What disciple of Jesus would ever want to hinder children from coming to Jesus? I doubt if anyone would want to do that though the disciples, in the circumstance described in the Synoptic Gospels, did. Perhaps they were protecting a fatigued Jesus from the onslaught of the chaos of playful children….maybe that is what they thought. Who really knows? When Jesus rebuked them they must have cowered in their own embarrassment. I know I would have.
“Now they were bringing even infants to him that he might touch them. And when the disciples saw it, they rebuked them. But Jesus called them to him, saying, “Let the children come to me, and do not hinder them, for to such belongs the kingdom of God. Truly, I say to you, whoever does not receive the kingdom of God like a child shall not enter it.” Luke 18:15-17 (cf. Mark 10:13-15; Matthew 19:13-14)
In line with my previous post, I want to suggest that something profoundly relevant to the contemporary church is uttered in this saying of Jesus. He is not talking about baptizing children [his ministry did not baptize children] nor is it simply a pithy morality saying about childlike humility. Rather, it says something about the status of children in the faith community.
Jesus invites children to come to him because (gar) the kingdom of God belongs to them.
I think we need to stew on that sentence for a while and let it sink deep into our theological souls. What does it mean to say that the kingdom of God belongs to children? What does it mean to invite children to experience Jesus because (not “so that”!) the kingdom of God belongs to them?
It seems to me that Jesus recognizes that children are the sons and daughters of God, that is, they belong to the kingdom of God. Jesus touches them, holds them and shares his love with them because children live and breathe the air of the kingdom of God.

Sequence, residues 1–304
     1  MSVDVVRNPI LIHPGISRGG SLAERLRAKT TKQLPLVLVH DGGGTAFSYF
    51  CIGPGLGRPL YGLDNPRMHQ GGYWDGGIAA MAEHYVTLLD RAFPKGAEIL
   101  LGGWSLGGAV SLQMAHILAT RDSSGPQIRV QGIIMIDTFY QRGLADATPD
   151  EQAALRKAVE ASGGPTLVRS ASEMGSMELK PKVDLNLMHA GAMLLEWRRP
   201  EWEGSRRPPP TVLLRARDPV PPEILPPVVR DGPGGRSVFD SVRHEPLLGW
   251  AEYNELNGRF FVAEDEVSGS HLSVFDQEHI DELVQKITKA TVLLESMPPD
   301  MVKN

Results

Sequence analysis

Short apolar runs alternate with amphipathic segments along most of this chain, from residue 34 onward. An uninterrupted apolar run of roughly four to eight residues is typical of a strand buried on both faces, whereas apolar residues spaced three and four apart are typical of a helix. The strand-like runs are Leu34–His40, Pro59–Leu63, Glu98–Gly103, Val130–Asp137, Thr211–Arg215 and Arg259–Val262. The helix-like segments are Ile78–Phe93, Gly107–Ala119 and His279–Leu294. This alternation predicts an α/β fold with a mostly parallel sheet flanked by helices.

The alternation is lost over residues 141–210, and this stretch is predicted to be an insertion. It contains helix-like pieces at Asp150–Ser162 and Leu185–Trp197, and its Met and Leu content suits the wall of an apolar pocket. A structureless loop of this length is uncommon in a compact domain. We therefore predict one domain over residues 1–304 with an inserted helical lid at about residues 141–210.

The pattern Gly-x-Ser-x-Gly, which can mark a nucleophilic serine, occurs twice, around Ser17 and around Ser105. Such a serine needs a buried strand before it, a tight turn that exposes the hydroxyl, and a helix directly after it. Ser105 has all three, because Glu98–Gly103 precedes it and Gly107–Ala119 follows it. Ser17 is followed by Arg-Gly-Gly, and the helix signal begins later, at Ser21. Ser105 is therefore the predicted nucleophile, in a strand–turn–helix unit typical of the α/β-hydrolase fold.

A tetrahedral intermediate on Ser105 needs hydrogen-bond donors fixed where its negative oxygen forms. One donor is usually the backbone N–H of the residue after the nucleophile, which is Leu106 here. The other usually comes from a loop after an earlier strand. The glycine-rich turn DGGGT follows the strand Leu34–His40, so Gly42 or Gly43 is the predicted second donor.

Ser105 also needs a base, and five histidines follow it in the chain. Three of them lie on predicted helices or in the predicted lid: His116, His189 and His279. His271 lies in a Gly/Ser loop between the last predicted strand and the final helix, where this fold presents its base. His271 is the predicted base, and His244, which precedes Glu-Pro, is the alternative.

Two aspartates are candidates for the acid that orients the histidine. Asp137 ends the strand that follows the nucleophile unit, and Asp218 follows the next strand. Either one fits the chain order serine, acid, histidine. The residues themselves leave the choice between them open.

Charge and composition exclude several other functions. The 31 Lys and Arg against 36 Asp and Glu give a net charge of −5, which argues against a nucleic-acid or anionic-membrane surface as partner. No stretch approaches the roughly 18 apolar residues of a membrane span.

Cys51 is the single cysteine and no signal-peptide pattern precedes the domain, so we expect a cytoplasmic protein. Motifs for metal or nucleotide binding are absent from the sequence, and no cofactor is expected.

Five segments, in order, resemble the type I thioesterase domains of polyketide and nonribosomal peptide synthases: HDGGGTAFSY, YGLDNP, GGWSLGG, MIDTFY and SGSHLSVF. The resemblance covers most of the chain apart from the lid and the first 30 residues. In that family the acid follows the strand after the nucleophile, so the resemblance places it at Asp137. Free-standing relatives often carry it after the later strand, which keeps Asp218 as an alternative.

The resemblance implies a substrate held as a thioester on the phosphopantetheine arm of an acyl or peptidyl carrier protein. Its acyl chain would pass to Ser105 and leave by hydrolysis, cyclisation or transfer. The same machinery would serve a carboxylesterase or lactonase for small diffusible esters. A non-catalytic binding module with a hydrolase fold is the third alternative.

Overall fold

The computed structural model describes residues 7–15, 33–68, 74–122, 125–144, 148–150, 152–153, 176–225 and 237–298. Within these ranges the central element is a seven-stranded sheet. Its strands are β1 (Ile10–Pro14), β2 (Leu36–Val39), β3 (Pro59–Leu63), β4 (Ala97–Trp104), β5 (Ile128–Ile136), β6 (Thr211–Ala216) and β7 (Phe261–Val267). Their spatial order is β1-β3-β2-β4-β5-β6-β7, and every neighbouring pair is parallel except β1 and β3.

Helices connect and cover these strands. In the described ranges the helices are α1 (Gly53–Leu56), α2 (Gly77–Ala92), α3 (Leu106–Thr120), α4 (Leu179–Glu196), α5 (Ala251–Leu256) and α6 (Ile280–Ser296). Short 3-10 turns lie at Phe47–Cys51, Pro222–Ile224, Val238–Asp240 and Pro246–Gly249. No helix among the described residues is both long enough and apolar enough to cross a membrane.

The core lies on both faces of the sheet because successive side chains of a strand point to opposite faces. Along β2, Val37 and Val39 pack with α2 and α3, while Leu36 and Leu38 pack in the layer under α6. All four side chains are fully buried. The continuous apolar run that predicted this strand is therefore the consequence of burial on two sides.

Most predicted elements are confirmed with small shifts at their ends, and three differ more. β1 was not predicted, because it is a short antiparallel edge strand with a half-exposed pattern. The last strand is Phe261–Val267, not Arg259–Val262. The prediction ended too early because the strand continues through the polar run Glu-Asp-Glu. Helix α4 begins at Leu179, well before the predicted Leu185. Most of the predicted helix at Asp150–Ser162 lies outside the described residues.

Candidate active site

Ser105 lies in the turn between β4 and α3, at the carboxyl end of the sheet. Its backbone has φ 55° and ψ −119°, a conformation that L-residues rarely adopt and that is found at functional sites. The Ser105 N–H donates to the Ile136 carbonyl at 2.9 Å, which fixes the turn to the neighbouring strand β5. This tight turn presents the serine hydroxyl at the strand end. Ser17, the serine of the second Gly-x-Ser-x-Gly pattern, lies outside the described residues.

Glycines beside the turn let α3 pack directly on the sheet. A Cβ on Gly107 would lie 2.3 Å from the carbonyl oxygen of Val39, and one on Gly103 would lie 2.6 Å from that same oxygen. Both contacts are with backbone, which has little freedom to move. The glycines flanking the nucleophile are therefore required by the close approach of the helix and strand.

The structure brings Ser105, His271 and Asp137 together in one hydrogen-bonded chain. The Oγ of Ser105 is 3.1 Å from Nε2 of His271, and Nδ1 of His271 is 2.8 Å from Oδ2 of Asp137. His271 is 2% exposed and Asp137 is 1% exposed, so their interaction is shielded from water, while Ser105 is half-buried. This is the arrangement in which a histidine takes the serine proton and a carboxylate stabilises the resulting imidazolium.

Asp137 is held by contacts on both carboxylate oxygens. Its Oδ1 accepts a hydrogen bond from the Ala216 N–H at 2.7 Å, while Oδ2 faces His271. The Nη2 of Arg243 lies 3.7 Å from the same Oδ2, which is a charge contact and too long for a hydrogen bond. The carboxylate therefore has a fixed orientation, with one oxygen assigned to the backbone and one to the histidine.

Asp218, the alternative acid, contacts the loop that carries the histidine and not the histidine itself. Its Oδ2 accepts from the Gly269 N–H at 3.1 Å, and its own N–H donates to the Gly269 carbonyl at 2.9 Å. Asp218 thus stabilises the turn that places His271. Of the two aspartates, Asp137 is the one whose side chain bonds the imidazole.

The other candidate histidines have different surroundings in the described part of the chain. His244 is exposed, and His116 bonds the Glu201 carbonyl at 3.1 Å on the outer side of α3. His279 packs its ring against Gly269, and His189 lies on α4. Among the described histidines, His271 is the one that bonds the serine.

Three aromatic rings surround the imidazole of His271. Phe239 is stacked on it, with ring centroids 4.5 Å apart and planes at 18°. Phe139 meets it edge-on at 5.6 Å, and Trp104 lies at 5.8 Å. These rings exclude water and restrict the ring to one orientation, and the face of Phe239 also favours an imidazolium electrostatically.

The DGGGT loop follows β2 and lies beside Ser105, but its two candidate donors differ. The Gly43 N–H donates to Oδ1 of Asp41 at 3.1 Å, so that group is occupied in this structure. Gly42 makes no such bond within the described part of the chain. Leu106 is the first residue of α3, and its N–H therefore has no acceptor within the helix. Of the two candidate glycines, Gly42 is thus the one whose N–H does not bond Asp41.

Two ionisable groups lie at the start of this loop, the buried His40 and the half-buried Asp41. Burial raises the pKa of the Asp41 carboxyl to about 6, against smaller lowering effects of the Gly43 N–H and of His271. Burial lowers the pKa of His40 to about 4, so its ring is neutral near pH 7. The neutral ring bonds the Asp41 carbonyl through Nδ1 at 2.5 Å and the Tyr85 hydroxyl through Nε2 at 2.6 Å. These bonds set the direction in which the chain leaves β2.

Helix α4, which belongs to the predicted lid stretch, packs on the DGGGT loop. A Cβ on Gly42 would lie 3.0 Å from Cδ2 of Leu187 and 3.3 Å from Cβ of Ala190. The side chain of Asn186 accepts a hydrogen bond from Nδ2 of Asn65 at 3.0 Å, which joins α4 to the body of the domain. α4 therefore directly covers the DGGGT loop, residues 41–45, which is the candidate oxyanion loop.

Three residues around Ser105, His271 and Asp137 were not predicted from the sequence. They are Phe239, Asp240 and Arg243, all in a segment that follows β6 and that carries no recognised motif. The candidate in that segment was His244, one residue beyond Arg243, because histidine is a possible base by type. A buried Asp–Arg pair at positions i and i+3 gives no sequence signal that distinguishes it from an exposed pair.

Unfortunately many use this text to theologize and moralize about how adults should not hinder their children’s path to Jesus. While there is certainly nothing wrong about that point–and the disciples did hinder children–I don’t think this is the theological substance of the text itself. The reason adults should not hinder children is because children already belong to the kingdom of God and adults need to become like children themselves in order to participate in God’s kingdom.
The theological point is that children are kingdom people too! They do not stand outside the kingdom of God as if they are “heathens” seeking admittance or “sinners” needing conversion. To the contrary, they already belong to the kingdom. Jesus embraces them, loves them and enjoys them.
I think this speaks volumes regarding a “theology of children” within the contemporary church, especially among churches that only practice adult baptism. Just like these parents, we lead our children to Jesus so that they fall in love with him just as he loves (and has already loved) them. But our children do not come to Jesus as outsiders. Our children are not “potential disciples” or “conversion prospects,” but rather they belong to the kingdom. I regard them as “maturing disciples” (see Greg Taylor and I discuss this in Down in the River to Pray, pp. 210-215). They are not “non-members of church,” but members of the kingdom.
Consequently, we invite our children to participate in the faith community as members of the kingdom. We lead them to Jesus in age appropriate ways, and we lead them to the table where they, too, may eat with Jesus. We do not treat them as “non-members,” but as disciples in training for adulthood, as catechumens who already belong to the kingdom of God.
Ultimately, we lead them to Jesus so that they may follow him and become his disciple as they own their own faith. When they are ready to commit to the way of the cross–to take up their own cross and follow Jesus–then they will follow him into the water that they might also take up his mission as their own. Following Jesus into the water they own their own faith and affirm their kingdom allegiance.